“For us it was kind of a mixed environment during COVID,” McDowell says. “By being in the airport area we actually saw an increase in activity especially as it relates to e-commerce.”
The AACIDs were part of a recently wrapped $350,000 freight cluster study that was funded in part by the Atlanta Regional Commission (ARC), focusing on the movement of freight and logistics in the South Metro area. The AACIDs received an ARC grant of about $290,000 and contributed a $60,000 match, according to McDowell.
“Coming out of that study, there are 30 or 40 projects that we’re going to be pursing to address some of those safety and road issues that were identified,” he says. “There’s some road widening that may be necessary and those projects could cost in the neighborhood of $25 million to $50 million and include both CIDs.”
McDowell says the next step is to prioritize the projects they hope to advance in the next couple of years.
“There will be a 10- to 12-month long process of meeting with stakeholders: each city, each county and strategic partners like the airport, Amazon, FedEx and such,” he says. “The relevance of that study and those projects is addressing current movement of freight and logistics, but as we move forward, we need to look out to the next 10, 20, 30 years and make sure the infrastructure can accommodate the growth in South Metro.”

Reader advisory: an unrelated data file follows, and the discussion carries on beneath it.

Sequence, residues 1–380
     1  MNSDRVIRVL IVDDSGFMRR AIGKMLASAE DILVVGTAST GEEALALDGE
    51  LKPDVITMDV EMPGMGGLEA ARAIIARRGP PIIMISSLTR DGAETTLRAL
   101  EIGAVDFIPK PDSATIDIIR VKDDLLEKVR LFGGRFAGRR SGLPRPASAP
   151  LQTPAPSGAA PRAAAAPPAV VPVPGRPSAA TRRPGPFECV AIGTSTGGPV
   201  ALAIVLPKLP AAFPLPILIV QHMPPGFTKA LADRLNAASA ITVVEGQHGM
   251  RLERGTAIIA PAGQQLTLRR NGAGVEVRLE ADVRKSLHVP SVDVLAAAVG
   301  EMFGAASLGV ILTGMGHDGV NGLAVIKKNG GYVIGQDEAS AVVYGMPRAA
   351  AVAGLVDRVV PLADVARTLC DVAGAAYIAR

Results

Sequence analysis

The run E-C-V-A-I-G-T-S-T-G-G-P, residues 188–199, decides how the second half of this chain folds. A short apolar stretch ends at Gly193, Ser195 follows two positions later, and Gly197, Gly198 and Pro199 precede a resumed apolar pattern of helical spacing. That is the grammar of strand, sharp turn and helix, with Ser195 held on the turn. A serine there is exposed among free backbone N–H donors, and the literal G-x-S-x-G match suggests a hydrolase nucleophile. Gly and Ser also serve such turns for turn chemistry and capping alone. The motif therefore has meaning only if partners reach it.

In 2018, the joint CIDs self-funded a $350,000 transit feasibility study that was completed in 2019. As a result of that study, they created a mobility district with plans to include personal rapid transit (PRT), an autonomous shuttle operation and a microtransit operation.
“We funded the study 100% because we wanted to be able to take an independent look at the South Metro area to see where the [transportation] gaps are and look at some of the potential solutions,” McDowell says. “We are now pursuing each of these transportation options, which are in various stages [of implementation]. This year we’re hoping to launch the autonomous shuttle.”
The two-year, $1.93 million autonomous shuttle project would run in an office park off Phoenix Boulevard in Clayton County. The 1.5-mile route would connect to three MARTA stops to provide first-mile/last-mile connectivity.
“People are having to walk a long distance between MARTA stops and their destination,” McDowell explains.